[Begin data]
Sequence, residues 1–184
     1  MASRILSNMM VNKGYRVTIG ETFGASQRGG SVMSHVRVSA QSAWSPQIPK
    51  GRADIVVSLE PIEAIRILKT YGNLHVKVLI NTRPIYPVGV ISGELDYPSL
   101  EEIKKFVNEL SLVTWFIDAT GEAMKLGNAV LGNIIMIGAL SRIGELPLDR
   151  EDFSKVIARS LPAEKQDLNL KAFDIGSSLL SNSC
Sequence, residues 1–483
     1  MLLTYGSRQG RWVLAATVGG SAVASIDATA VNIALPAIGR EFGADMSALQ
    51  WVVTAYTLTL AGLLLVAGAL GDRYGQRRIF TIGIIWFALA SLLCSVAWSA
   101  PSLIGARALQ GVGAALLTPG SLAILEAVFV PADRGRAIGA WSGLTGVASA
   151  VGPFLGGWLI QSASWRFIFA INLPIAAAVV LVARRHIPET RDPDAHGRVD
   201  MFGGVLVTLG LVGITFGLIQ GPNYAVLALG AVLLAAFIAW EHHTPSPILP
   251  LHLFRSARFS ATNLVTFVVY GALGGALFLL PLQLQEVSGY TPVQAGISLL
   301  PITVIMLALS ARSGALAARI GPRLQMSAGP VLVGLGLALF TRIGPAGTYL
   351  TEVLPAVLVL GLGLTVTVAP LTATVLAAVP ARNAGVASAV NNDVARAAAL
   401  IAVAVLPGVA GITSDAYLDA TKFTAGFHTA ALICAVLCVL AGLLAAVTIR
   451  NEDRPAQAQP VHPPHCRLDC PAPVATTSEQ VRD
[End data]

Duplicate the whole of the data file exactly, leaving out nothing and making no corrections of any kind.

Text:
Sequence, residues 1–184
     1  MASRILSNMM VNKGYRVTIG ETFGASQRGG SVMSHVRVSA QSAWSPQIPK
    51  GRADIVVSLE PIEAIRILKT YGNLHVKVLI NTRPIYPVGV ISGELDYPSL
   101  EEIKKFVNEL SLVTWFIDAT GEAMKLGNAV LGNIIMIGAL SRIGELPLDR
   151  EDFSKVIARS LPAEKQDLNL KAFDIGSSLL SNSC
Sequence, residues 1–483
     1  MLLTYGSRQG RWVLAATVGG SAVASIDATA VNIALPAIGR EFGADMSALQ
    51  WVVTAYTLTL AGLLLVAGAL GDRYGQRRIF TIGIIWFALA SLLCSVAWSA
   101  PSLIGARALQ GVGAALLTPG SLAILEAVFV PADRGRAIGA WSGLTGVASA
   151  VGPFLGGWLI QSASWRFIFA INLPIAAAVV LVARRHIPET RDPDAHGRVD
   201  MFGGVLVTLG LVGITFGLIQ GPNYAVLALG AVLLAAFIAW EHHTPSPILP
   251  LHLFRSARFS ATNLVTFVVY GALGGALFLL PLQLQEVSGY TPVQAGISLL
   301  PITVIMLALS ARSGALAARI GPRLQMSAGP VLVGLGLALF TRIGPAGTYL
   351  TEVLPAVLVL GLGLTVTVAP LTATVLAAVP ARNAGVASAV NNDVARAAAL
   401  IAVAVLPGVA GITSDAYLDA TKFTAGFHTA ALICAVLCVL AGLLAAVTIR
   451  NEDRPAQAQP VHPPHCRLDC PAPVATTSEQ VRD